Focusing light has also been investigated in the context of metasurfaces [22–26]. Aberration-free ultrathin flat lenses have been designed, fabricated and characterized for the operating wavelength of 1.55 µm. Additionally, focusing of visible light has been demonstrated with a similar design approach but using a different realization method [23,24]. Aberration problems of lenses including off-axis aberration, which was confronted as a drawback of flat metalenses, have also been overcome following the design of aplanatic metasurfaces . Moreover, achromatic metalens designs have also been investigated for focusing light at three different wavelengths on the same focal plane . However, to date focal plane arrays have not been studied using metasurfaces and optical crosstalk problem has not been addressed in such metalens arrays.
In this study, different than the previous studies, we present for the first time a metasurface-based microlensed focal plane array that relies on asymmetric optical antennas [see Fig. 1 for conceptual architecture] and quantitatively analyzed its resulting light concentrating capability, which is useful for optical crosstalk suppression in mid-wave IR-FPAs. The proposed planar metasurface is based on a two-dimensional array of asymmetrically tailored optical antennas having space-variant phase shift response and subwavelength separation. Space-variant phase shift response was realized by tuning the resonance of the optical antennas via geometrical design instead of intrinsic material properties. The first part of this study involves the design of these optical antennas followed by the analysis of their scattering characteristics with finite-difference time domain (FDTD) simulations. The second part of the study involves the design of metasurfaces for implementing microlens arrays using a specific antenna set based on the analysis carried out in the first part. Here, we demonstrated the tight light concentrating enabled by the proposed designs, reaching over 30-fold narrowing with respect to a system without microlenses. Also, we compared them with refractive microlens arrays in terms of optical crosstalk reduction, resulting in <1% optical crosstalk here. Finally, we highlighted the optimal design for implementing microlens arrays that enable strong optical crosstalk suppression and outperform refractive microlens arrays by eliminating strong first order diffraction spots observed at the center of the adjacent pixels of refractive microlens IR-FPAs.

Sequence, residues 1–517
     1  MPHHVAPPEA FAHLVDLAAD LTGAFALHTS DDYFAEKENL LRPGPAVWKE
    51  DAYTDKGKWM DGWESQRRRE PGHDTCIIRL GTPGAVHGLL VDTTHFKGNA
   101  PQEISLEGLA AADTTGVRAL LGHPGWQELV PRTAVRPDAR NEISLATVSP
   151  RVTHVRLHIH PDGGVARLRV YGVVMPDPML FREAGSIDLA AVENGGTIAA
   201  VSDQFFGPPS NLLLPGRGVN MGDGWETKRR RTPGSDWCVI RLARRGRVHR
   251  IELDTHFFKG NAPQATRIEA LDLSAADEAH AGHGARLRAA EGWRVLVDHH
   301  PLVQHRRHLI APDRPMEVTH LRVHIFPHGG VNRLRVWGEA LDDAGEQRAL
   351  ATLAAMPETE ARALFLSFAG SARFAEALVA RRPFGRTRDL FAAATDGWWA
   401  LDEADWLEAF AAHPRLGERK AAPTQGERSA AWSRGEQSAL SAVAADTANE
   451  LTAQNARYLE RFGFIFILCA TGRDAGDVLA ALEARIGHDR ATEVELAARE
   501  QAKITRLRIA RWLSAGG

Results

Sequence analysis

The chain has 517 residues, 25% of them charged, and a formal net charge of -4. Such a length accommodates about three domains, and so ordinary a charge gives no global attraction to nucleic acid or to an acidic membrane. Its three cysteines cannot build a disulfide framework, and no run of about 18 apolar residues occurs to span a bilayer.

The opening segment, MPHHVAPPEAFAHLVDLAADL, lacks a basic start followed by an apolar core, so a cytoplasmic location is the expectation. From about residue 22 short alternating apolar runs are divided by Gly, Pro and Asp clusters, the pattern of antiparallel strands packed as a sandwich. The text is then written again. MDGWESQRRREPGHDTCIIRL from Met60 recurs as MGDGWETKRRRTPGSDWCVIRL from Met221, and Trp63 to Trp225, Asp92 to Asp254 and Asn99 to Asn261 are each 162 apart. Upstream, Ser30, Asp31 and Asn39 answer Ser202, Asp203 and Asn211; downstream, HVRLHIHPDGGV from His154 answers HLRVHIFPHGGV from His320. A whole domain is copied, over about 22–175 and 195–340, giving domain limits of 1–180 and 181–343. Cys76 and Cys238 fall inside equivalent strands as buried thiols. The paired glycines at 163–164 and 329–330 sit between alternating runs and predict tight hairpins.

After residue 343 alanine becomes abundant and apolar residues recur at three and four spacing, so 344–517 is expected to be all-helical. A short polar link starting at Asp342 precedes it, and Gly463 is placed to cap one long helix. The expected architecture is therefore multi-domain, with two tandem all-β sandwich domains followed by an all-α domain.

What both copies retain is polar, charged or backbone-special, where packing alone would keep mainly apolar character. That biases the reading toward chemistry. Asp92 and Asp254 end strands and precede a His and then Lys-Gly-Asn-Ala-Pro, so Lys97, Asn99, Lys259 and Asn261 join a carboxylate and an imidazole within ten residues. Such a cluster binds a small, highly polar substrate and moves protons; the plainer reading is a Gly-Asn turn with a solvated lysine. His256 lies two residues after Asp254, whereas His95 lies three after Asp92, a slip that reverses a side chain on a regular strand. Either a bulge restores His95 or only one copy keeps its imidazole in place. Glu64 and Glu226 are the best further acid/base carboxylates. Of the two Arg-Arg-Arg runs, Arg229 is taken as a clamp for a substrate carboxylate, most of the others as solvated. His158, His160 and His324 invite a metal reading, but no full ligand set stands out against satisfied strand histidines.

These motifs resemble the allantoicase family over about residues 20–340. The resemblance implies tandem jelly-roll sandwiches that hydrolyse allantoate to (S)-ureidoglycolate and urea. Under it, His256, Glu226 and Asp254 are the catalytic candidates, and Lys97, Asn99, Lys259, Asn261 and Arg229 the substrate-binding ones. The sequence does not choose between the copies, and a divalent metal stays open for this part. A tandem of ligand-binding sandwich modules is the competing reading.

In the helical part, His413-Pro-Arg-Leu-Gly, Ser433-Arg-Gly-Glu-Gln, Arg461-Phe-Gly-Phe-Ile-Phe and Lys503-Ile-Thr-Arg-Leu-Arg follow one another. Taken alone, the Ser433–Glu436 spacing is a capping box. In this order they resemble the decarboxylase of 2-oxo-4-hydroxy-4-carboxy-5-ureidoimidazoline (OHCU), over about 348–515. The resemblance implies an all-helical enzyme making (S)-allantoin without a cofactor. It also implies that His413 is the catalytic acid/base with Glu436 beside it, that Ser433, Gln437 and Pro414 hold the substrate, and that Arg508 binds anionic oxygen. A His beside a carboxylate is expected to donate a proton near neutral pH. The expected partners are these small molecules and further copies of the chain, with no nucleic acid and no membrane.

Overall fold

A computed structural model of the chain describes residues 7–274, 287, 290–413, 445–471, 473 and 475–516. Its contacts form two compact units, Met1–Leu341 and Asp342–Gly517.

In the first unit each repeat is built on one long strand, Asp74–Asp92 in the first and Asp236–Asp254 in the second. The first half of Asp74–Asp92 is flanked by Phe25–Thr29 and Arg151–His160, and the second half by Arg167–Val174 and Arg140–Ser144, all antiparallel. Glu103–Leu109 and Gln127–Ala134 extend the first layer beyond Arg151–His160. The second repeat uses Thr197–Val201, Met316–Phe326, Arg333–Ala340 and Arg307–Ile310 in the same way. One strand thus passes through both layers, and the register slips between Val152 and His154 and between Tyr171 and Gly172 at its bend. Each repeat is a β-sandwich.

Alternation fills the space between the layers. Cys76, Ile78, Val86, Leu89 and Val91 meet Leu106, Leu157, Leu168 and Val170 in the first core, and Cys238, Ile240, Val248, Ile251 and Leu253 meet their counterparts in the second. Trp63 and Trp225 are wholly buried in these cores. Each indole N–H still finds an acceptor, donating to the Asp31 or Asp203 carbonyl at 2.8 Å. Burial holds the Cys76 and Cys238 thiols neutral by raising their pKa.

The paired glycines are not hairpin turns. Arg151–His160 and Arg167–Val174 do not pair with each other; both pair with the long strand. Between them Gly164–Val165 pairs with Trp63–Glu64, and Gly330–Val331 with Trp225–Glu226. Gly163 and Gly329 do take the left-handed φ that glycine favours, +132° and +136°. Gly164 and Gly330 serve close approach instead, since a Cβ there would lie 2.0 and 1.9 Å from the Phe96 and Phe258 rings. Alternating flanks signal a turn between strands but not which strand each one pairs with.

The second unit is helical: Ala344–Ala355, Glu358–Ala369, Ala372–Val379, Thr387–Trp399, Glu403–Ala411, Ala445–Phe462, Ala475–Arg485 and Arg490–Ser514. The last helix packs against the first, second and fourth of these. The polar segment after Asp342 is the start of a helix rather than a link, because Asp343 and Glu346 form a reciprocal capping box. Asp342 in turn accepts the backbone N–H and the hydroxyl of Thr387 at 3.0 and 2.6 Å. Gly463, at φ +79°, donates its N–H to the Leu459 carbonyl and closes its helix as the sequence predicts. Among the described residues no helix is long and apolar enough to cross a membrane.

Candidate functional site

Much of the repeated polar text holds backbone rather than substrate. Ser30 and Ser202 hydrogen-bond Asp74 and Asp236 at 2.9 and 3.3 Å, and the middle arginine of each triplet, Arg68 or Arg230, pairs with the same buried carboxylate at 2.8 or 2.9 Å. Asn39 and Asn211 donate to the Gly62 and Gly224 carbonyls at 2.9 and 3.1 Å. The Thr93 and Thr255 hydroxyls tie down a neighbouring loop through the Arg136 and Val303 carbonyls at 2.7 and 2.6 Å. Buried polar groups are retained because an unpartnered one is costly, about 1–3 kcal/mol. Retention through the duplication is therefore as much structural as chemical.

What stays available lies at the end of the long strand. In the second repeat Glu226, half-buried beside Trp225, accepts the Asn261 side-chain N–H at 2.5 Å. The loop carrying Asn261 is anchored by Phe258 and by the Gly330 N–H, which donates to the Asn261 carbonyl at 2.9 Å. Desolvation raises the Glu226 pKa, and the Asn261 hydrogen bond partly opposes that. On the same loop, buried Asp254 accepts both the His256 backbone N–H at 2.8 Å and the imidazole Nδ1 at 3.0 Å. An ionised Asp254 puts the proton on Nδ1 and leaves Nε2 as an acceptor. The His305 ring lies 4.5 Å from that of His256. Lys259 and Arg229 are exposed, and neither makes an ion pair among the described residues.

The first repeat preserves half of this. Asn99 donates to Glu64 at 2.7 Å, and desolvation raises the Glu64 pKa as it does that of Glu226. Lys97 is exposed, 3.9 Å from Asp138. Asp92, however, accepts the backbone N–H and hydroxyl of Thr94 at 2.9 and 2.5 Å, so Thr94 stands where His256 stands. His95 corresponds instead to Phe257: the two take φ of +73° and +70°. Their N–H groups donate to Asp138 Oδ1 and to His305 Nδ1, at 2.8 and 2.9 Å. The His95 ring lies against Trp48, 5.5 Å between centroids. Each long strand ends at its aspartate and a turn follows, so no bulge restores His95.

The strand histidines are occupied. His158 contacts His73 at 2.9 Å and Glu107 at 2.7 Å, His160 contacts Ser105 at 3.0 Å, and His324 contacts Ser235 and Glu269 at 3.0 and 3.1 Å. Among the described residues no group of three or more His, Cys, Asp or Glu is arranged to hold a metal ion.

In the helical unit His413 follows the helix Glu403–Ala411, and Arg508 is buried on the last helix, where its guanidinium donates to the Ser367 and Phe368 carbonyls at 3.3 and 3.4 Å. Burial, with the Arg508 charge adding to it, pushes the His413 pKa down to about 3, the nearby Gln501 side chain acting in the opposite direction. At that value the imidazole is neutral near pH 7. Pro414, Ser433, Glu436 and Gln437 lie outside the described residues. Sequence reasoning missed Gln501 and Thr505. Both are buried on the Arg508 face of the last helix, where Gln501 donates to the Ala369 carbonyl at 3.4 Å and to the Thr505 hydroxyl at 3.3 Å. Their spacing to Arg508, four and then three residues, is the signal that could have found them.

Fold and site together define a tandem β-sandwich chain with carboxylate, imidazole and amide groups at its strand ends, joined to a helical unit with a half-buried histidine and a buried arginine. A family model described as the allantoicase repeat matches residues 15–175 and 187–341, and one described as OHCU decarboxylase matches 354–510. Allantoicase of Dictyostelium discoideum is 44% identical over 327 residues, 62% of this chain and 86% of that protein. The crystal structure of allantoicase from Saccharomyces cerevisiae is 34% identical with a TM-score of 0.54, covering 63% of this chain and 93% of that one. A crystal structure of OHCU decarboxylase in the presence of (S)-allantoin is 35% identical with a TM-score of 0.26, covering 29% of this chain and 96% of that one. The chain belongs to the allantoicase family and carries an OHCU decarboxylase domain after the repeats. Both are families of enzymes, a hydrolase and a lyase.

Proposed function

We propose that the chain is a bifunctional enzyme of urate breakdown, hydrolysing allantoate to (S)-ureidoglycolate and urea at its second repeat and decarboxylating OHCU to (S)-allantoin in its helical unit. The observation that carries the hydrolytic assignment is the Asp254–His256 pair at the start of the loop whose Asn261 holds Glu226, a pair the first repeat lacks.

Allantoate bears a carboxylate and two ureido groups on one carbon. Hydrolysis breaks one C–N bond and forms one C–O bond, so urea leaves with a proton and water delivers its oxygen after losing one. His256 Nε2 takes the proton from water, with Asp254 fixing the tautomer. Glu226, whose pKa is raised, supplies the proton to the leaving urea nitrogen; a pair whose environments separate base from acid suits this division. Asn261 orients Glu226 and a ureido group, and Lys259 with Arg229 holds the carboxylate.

2. Optical antennas as the building blocks of metasurface microlens
Building blocks of our metasurface-based microlenses are asymmetrically-tailored, V-shaped optical antennas comprised of two end-connected gold nanorods placed on a silicon substrate. Exemplary schematics showing the geometry of selected optical antennas are shown in Fig. 1. Connection angle and length of each nanorod are tuned separately for covering the full 0-to-2π phase shift response, which is necessary for designing a microlens, while the amplitude response is intended to be held almost constant for maximizing the constructive interference of the scattered fields. A set of 8 antennas are used in covering the whole phase shift range; hence, an incremental phase shift response of π/4 exists between subsequent antennas of the microlens array in the set.